But we don't really get snow or ice down here, so perhaps in a climate where that's really heavy my observations would be skewed that way.

As for questioning my driving I really doubt that you've never hydroplaned or had issues with a wet and unexpectedly oily road in your lifetime of driving. I'd rather focus on the physics of the cars and the behavioral characteristics of people involved than responding to personal attacks, so I'll just leave it at that.



Absolutely agree with you here. As I mentioned earlier, the only people I see slamming RWD are the people who lack the training and experience to take advantage of its superiority.

Training is key. Drivers Ed in high school does not count!


My point exactly: most drivers brake or slow down when into a turn, hence a front wheel drive is safer, unless one is going really, really, fast and then all bets are off especially for an inexperienced driver. I've been trained on a track and also raced for fun and still have a tendency to brake when faced with an emergency situation. It is almost counterintuitive to add gas when going around a corner too fast with a rear-wheel drive. Perhaps you have been trained well, but one should not assume a 16 can have the same reflexes and judgement that an experienced driver has. In fact, with teens one is usually grateful that they listen at all.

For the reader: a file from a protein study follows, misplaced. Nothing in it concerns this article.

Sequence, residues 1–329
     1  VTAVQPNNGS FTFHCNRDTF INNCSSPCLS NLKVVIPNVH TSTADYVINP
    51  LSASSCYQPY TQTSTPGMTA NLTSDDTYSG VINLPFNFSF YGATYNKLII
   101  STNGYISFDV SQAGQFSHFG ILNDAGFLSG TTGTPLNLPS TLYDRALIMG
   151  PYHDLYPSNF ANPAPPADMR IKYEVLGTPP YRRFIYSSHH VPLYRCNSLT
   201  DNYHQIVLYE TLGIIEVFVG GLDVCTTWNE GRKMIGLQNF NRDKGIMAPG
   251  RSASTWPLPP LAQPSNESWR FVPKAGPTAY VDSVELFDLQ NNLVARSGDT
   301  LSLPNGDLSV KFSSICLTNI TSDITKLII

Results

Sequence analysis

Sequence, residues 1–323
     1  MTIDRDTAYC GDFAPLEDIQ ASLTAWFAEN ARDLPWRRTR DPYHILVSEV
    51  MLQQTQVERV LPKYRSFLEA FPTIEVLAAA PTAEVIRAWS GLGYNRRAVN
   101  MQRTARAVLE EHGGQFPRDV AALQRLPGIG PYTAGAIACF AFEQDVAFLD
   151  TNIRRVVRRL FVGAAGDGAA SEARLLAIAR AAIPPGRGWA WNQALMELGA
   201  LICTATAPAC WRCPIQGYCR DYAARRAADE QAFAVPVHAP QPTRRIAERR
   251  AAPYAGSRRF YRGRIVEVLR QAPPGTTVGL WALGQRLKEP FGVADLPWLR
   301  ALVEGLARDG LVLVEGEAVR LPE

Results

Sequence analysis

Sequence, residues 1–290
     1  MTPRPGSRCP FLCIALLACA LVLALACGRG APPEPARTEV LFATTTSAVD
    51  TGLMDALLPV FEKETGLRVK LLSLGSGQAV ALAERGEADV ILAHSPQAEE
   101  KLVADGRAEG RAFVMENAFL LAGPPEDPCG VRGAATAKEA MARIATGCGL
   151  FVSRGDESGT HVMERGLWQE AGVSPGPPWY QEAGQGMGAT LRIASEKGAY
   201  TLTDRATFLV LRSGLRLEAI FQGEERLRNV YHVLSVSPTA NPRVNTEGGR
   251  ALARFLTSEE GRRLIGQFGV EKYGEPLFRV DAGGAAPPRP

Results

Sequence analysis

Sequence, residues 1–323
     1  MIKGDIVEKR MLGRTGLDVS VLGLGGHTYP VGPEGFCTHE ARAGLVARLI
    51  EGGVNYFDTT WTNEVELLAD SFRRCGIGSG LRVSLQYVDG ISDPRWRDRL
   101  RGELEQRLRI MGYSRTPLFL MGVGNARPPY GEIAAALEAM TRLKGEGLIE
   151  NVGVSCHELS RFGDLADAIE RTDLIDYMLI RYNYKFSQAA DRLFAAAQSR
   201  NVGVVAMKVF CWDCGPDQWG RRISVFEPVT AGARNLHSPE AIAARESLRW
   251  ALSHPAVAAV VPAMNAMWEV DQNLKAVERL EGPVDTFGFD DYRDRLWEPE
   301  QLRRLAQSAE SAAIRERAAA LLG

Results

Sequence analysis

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Re: Buying a car for my daughter

Postby lwfitzge » Tue Apr 02, 2013 8:14 am

fandango wrote:This may not be the answer your daughter wants to hear, BUT: